Chandigarh, Oct 6 (IANS) Reeling under a massive combined debt, farmers in Punjab will be richer by Rs 23,600 crore this season with a bumper paddy crop.
The Reserve Bank of India has sanctioned this amount as the cash credit limit to Punjab for payment to farmers and 'arhtiyaas' (commission agents) in the state for the current procurement season.
This is much higher than the Rs 16,030 crore paid to Punjab farmers last year.
The paddy procurement, which officially started Oct 1, is likely to pick up after Oct 10 as fresh stocks arrive in grain markets across Punjab. The Punjab government has set up 1,795 procurement centres for this purpose.
With good rainfall in the last few months, the yield is expected to be higher.
Out of the Rs 23,600 crore sanctioned by the RBI, Rs 17,600 crore has already been received by the Punjab government, officials of the food and supplies department told IANS. The remainder amount will be received soon, they added.
Punjab government agencies and the centre's Food Corporation of India (FCI) are expected to procure nearly 15 million tonnes of paddy this season. Over 770,000 gunny bags have been provided to the procurement agencies for the purpose.
"Payments to the arhtiyaas and farmers would be made through swipe cards by the state agencies. The farmers have also been given the option to receive the payments directly from the procuring agencies," a senior food and supplies department officer said.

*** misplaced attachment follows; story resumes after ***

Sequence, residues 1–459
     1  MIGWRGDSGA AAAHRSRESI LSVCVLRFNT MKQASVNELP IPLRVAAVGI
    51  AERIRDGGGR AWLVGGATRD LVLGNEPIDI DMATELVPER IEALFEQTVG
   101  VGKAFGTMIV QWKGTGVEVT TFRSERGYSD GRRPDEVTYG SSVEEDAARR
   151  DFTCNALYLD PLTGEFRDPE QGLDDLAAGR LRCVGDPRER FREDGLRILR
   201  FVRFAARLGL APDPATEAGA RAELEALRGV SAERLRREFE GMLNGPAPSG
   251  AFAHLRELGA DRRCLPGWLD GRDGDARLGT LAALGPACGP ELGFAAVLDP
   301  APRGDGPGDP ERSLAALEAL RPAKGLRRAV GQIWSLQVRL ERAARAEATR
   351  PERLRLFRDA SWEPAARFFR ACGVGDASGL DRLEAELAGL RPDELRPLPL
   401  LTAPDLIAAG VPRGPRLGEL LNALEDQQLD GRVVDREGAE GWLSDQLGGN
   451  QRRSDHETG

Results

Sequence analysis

But not all the money will reach the farmers.
"The arhtiyaas will take away a substantial chunk. In the last three decades, the arhtiyaas have pocketed over Rs 9,000 crore from commissions. They neither have to grow anything nor market it," said farmer Ajmer Singh of Fatehgarh Sahib district.
Punjab had procured nearly 13.4 million tonnes of paddy till Dec 31, 2012.
Sangrur, Ludhiana and Patiala districts - all falling in the fertile Malwa belt (south of the Sutlej river), recorded the maximum paddy procurement last season. Farmers in these districts were richer by over Rs 5,450 crore.
Punjab alone contributes over 60 percent of wheat and paddy to the national foodgrain kitty despite occupying just 1.54 percent of the country's geographical area.
The state was in the forefront of the Green Revolution in the 1960s to make the country self-reliant in foodgrain production.
The Parkash Singh Badal government has been urging the central government to increase the minimum support price for wheat and paddy as input costs had gone up considerably in recent years, with increase in the prices of diesel and fertilizer, among others.
"Farmers in Punjab are reeling under a debt of Rs 32,000 crore. The centre is doing nothing for them despite their hard work in helping the country become self-sufficient in food grains," Badal said.
(Jaideep Sarin can be contacted at firstname.lastname@example.org)